Date
6 December 2016
Goldman Sachs has moved into online personal loans as it seeks a new growth engine amid an increasingly stringent regulatory environment on investment banking. Photo: Goldman Sachs
Goldman Sachs has moved into online personal loans as it seeks a new growth engine amid an increasingly stringent regulatory environment on investment banking. Photo: Goldman Sachs

Why Goldman Sachs has an edge in online lending

Goldman Sachs recently launched a new online personal loan platform called Marcus, taking aim at the mass market.

With minimum loan amount starting at US$3,500, Marcus is obviously positioned to compete with FinTech startups.

The online lending service is named after one of the firm’s founders, Marcus Goldman, an indication that the 147-year-old investment bank has high hopes for it.

In April, Goldman began offering online savings accounts under the brand GS Bank, which allows customers to open an account with as little as US$1.

Marcus will be the natural extension of the GS Bank move, as the latter can pull in deposits and the former can then lend the funds out.

At the moment, Marcus is only accessible to pre-selected US customers, who can borrow up to US$30,000, at an annual rate ranging from 5.99 percent to 22.99 percent. The repayment period is between two to six years.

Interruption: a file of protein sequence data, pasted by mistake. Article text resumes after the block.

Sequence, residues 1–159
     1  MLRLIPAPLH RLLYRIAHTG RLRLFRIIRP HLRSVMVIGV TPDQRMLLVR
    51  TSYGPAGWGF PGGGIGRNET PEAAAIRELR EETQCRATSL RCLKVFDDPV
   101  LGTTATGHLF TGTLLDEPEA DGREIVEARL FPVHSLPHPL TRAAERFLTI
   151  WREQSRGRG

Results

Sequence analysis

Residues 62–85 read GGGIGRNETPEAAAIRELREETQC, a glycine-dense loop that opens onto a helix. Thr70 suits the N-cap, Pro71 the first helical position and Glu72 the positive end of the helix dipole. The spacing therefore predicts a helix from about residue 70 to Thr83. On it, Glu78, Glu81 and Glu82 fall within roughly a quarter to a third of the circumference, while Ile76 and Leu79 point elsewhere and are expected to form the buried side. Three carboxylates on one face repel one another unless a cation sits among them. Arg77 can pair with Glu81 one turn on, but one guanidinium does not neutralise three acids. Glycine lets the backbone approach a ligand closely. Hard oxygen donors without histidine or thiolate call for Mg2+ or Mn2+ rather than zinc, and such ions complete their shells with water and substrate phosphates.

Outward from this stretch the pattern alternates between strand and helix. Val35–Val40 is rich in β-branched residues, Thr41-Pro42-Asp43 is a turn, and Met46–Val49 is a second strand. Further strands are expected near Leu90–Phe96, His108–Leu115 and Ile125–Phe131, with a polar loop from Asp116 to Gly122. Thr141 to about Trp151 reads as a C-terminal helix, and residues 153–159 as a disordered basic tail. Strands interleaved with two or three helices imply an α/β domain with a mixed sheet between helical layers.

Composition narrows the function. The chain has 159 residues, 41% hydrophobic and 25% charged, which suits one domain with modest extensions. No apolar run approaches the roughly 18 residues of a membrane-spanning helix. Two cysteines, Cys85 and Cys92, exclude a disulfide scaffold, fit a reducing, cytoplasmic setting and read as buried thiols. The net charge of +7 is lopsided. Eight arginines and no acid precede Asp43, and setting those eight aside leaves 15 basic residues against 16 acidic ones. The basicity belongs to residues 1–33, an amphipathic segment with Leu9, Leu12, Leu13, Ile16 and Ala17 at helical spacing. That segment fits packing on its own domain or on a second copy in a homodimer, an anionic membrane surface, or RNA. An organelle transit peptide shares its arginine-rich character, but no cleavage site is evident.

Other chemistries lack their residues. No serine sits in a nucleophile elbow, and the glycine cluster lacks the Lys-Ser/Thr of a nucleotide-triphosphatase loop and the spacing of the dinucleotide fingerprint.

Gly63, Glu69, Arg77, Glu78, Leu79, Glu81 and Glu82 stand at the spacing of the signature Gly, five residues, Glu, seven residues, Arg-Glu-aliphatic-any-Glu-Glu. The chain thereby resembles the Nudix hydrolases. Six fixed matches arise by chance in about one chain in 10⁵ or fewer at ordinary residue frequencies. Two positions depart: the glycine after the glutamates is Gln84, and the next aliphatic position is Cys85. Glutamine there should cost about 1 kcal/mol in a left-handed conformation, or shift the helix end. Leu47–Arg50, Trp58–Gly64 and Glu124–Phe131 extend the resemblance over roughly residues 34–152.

US personal loan borrowers typically have to go through tedious procedures. And they are often charged extra fees on top of the interest, which tends to fluctuate as well.

Goldman said Marcus customers won’t have those problems, and they can also flexibly arrange their repayment schedule.

The rates Marcus charges is a lot lower than those at most other offline financial institutions, thanks to its ability to harness big data for a more precise credit assessment and better pricing of the loans.

Savings from having no physical branches also help cut costs.

Compared with online rivals like Lending Club, Marcus has a few unique edges.

With Goldman’s backing, Marcus may be able to do better in risk control.

Leveraging on Goldman’s strong name, Marcus should also be able to get cheaper funding, which allows it to charge lower interest rates and be more selective when approving loans, thus achieving better loan quality.

Lending Club has suffered a 70 percent share price decline largely due to rumors about a surge in loan defaults by its customers.

Though rarely seen as a tech firm, Goldman employs 9,000 IT staff, out of a total of 33,000 employees, covering fields including big data, blockchain, high-frequency trading, cyber security and artificial intelligence.

Its IT staff number is close to that of Facebook, and exceeds that of LinkedIn or Twitter.

Combing risk pricing capability and cutting edge financial technology, Goldman could be a big winner in the Fintech era.

This article appeared in the Hong Kong Economic Journal on Nov. 1

Translation by Julie Zhu

[Chinese version 中文版]

– Contact us at [email protected]

RC

Hong Kong Economic Journal columnist

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